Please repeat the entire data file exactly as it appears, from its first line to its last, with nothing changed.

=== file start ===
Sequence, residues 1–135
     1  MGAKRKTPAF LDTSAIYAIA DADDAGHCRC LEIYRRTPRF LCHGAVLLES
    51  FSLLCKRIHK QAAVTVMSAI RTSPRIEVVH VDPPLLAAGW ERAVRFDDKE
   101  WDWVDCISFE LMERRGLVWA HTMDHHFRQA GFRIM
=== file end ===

Sequence, residues 1–135
     1  MGAKRKTPAF LDTSAIYAIA DADDAGHCRC LEIYRRTPRF LCHGAVLLES
    51  FSLLCKRIHK QAAVTVMSAI RTSPRIEVVH VDPPLLAAGW ERAVRFDDKE
   101  WDWVDCISFE LMERRGLVWA HTMDHHFRQA GFRIM